Next Session, Friday, March 29
“In Scripture,” St. Maximos tells us, “hearts capable of receiving the heavenly gifts of holy knowledge are called cisterns (cf. 2 Chr.26:10). To become a cistern, we need God’s Grace, in addition to our own efforts. Yet not everyone is worthy of God’s grace.
In previous passages in the same chapter, we learned that “while every valley shall be filled,” not every valley is qualified to be filled (#53).
Similarly, while we all have the capacity to receive spiritual knowledge, not every heart has the capabilities to do so and become cisterns.
According to the dictionary: “Capacity is the ability that exists at present whilst capability refers to the higher level of ability that could be demonstrated under the right conditions.” We are caught between God-given given ability and the potential of higher capabilities for fulfilling and directing this ability to God.
In these few paragraphs and elsewhere, St. Maximos talks about how to break this logjam and prepare for God to dwell within us and transform us into cisterns.
To become cisterns, we need God’s grace. To be worthy of his grace, however, we need to purify our souls from passions and choose a life of virtue.
This is not simply a matter of performing virtuous acts, however, or follow the Lord “superficially.” Rather it is a matter of a complete and transformative re-orientation. It shifts the presence of God from the margins (when your chores are done, and you are not busy) to the center of your life. God is now your sole focus, frame of reference and cherished destination. There is not a moment when you do not remember God’s presence and discern his principles under every created thing.
So long as the intellect continuously remembers God, it seeks the Lord through contemplation, not superficially but in the fear of the Lord,
St. Maximos frequently contrasts a life on the surface, limited to what one can see and sense, to a God-driven life of endless depth in which we can enter “hill-country’ (Deut. 11:11” — the higher form of the spiritual contemplation of nature. Those who are being made into cisterns will achieve this if God teaches them “the qualities of the commandments and reveals to them the true inner essences of created beings.”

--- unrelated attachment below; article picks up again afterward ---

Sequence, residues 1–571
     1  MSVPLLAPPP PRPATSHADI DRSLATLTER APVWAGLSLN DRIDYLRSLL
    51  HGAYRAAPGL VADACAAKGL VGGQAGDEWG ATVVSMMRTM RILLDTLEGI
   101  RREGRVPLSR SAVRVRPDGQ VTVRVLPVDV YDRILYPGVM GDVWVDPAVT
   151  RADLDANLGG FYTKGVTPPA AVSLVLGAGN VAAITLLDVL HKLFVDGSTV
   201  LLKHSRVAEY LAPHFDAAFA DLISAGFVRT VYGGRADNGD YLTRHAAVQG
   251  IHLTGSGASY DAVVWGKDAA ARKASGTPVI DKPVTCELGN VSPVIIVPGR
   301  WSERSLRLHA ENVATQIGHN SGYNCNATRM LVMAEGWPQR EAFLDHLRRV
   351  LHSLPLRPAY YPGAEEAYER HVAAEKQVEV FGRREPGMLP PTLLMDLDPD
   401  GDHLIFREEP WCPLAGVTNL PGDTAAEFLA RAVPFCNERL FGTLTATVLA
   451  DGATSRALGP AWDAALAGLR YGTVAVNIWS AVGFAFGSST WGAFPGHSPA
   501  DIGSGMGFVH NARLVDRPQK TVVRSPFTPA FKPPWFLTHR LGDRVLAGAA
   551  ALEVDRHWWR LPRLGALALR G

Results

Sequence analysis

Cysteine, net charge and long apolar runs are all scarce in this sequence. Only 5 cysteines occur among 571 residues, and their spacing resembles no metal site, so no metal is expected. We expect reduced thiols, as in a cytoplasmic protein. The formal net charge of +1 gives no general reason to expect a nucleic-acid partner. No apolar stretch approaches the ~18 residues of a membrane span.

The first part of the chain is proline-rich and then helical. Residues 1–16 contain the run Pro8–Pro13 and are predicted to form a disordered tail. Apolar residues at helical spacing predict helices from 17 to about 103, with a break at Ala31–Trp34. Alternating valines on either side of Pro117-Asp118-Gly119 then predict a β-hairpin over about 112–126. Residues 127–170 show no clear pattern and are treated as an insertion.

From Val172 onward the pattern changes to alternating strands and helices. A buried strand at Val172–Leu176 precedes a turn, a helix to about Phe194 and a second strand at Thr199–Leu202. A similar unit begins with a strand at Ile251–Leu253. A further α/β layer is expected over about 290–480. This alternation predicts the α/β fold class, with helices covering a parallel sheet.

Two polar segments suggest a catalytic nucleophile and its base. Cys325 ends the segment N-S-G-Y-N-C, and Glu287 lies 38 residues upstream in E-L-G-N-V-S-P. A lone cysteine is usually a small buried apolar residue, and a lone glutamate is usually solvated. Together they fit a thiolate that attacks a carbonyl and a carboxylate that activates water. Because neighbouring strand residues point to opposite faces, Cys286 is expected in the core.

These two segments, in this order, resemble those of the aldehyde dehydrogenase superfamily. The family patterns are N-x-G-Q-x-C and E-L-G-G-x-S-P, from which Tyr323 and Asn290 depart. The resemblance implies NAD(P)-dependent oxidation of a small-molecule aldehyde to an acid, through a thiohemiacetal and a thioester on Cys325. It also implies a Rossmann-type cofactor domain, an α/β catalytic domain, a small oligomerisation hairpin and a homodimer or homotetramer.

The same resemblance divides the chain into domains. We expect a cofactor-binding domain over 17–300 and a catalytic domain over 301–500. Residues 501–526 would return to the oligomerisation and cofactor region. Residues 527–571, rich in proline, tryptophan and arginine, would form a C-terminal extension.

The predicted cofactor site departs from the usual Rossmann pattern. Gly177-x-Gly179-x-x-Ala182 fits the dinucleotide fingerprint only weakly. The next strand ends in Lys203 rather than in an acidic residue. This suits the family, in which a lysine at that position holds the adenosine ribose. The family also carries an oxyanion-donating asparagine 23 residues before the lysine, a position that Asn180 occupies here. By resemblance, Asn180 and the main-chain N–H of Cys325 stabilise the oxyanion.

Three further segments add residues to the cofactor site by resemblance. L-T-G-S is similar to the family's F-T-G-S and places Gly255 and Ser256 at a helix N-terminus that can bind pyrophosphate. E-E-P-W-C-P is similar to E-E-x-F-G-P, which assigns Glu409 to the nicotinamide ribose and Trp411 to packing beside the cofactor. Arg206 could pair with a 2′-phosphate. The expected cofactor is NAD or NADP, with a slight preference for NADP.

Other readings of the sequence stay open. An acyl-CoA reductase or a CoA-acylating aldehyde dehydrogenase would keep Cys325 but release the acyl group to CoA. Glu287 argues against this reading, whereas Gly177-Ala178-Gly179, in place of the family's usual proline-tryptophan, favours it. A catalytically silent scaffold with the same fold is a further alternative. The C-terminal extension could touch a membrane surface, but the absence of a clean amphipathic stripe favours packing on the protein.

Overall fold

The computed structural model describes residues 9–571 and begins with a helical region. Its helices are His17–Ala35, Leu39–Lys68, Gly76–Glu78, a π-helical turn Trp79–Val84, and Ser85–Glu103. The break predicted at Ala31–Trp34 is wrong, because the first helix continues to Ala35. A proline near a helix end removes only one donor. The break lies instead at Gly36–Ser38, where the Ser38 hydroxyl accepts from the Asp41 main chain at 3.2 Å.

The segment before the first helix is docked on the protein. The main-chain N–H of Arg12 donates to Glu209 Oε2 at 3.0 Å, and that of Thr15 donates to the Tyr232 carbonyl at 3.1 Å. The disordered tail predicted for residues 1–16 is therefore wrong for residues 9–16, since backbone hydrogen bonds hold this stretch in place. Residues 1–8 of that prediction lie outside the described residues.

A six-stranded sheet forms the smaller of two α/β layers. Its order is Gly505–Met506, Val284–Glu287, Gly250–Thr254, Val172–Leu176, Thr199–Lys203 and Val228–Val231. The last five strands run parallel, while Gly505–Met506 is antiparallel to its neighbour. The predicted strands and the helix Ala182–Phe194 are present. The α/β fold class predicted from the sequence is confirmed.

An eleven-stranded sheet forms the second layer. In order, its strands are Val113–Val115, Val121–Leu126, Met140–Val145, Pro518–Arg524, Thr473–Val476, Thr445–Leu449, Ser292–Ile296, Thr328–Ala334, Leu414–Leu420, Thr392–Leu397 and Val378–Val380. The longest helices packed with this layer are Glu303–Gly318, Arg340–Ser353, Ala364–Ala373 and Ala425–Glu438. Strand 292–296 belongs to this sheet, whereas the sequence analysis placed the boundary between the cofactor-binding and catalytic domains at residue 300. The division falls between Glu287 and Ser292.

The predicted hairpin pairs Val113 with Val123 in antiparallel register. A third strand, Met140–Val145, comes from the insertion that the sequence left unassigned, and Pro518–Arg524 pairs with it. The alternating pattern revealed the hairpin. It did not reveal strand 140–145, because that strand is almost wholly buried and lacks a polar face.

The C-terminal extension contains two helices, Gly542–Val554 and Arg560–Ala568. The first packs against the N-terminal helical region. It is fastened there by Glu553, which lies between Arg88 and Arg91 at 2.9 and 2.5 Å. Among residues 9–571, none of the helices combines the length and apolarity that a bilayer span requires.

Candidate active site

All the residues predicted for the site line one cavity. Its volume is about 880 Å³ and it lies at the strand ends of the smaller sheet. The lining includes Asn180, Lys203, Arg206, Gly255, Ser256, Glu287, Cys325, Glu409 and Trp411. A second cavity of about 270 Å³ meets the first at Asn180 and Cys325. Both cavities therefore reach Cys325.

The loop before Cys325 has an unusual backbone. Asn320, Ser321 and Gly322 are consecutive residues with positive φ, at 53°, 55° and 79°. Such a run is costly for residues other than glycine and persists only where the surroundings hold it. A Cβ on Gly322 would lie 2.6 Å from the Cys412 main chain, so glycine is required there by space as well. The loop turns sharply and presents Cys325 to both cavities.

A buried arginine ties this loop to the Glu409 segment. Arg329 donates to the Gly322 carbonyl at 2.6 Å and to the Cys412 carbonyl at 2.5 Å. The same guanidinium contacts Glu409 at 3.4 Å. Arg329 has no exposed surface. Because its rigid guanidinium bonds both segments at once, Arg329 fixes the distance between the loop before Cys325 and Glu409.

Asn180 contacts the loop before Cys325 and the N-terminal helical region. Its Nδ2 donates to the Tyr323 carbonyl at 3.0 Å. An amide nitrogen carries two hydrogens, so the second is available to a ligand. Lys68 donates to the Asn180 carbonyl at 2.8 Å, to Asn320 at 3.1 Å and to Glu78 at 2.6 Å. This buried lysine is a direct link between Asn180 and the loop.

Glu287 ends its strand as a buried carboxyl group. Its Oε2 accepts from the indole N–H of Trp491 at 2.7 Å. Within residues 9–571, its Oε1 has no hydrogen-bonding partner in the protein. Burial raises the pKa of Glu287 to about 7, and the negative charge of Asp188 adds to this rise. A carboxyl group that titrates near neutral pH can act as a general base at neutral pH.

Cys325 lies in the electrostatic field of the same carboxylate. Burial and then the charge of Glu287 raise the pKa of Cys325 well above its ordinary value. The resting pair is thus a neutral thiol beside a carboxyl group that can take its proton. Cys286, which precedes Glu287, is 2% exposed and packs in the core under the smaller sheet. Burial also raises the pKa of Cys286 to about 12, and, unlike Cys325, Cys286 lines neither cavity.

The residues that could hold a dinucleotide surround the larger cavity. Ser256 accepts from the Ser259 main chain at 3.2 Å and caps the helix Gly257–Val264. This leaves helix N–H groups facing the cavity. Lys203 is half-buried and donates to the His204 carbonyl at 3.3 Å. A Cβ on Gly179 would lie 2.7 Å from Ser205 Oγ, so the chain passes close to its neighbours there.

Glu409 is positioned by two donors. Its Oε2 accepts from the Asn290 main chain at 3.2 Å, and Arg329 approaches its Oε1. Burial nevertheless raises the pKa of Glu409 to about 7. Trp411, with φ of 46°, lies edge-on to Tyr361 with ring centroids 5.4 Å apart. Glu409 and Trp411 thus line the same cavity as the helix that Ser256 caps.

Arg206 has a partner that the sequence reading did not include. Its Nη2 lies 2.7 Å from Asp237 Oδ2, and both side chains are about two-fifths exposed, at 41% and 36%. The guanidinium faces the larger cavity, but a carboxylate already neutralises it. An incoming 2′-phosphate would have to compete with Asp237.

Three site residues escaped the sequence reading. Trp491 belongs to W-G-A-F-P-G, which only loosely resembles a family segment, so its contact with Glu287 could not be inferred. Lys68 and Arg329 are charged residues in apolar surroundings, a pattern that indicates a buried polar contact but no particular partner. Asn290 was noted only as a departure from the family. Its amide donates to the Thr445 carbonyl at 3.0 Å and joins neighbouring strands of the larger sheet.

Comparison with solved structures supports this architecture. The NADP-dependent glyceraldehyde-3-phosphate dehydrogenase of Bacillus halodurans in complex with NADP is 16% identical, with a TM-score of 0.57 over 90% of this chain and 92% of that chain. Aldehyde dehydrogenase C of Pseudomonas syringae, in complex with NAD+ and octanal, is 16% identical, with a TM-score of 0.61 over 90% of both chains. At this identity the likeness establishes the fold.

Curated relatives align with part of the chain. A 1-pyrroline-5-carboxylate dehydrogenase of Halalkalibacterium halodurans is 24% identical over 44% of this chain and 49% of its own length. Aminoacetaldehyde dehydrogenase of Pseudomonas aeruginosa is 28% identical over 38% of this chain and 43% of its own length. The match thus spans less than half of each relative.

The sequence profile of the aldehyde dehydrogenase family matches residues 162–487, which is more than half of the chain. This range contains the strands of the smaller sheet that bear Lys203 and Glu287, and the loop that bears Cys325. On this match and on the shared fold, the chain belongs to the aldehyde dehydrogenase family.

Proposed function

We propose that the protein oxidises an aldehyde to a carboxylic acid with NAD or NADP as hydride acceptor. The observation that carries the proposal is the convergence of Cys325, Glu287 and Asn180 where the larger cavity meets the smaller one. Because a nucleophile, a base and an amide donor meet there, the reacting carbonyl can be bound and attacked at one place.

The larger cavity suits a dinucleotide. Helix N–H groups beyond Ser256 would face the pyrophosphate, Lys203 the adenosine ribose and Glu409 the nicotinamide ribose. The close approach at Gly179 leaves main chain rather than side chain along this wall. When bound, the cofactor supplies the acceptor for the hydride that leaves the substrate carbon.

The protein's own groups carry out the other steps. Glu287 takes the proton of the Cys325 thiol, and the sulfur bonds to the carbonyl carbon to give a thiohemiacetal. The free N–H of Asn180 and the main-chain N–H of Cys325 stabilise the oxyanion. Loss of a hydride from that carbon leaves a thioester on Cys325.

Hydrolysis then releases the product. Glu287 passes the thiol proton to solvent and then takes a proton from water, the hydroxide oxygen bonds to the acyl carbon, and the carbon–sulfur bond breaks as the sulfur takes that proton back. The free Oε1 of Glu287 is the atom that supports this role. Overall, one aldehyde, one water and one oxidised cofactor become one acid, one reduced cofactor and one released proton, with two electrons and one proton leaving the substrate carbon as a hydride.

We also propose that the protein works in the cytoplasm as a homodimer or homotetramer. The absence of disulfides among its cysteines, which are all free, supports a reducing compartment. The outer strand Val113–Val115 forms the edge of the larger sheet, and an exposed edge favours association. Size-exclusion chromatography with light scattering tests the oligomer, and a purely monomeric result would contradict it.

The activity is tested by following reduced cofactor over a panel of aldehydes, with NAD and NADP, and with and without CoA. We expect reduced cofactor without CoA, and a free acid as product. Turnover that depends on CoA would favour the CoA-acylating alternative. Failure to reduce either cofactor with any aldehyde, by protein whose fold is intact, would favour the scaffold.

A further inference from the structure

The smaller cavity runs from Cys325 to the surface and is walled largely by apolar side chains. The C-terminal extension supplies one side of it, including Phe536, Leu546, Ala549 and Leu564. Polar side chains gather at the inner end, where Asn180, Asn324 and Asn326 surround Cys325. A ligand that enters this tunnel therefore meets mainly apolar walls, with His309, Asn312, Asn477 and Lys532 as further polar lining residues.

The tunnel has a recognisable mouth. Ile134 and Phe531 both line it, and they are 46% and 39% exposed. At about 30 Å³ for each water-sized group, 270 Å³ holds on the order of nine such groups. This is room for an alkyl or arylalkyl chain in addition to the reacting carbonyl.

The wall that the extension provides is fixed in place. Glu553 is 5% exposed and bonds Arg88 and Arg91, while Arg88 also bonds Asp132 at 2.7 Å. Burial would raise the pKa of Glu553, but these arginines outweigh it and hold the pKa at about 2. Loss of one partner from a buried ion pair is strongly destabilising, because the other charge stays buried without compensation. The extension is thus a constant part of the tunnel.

In this new life, nothing is a mere commodity because we can discern the underlying reasons and principles of the existence of every created thing.
When we see the essence of things beneath the surface, everything around us is transformed and we can see the higher purpose of things. Suffering is a bridge to God. Ambition or passion is not a mere personality characteristic to be leveraged for profit but a tool for doing God’s will. The particulars—a bird’s song, sunny day or a boring chore– are not random, disconnected phenomena. In them we discern shared universal principles and understand them as the interlinked building blocks and manifestations of God’s creation. Seeing the inner essence of things means that we are no longer living in a fragmented world. We perceive the connections and are, thus, connected to God. Our perception of the world is not fragmented but holistic and participatory.
To fully participate in God, however, we have to do so through both thought and action “by practicing the commandments. For he who seeks Him through contemplation without practicing the commandments does not find Him… The Lord guides to success all who combine the practice of the virtues with spiritual knowledge:”
To encourage us, St. Maximos depicts and makes concrete the rewards of this preparation:
He “hew[s] out cisterns in the desert, that is to say, in the world and in human nature. He excavates the hearts of those who are worthy, clears them of their material sordidness and arrogance, and makes them deep and wide in order to receive-the divine rains of wisdom and knowledge. He does this so that they may water Christ’s flocks, those who need moral Instruction because of die immaturity of their souls.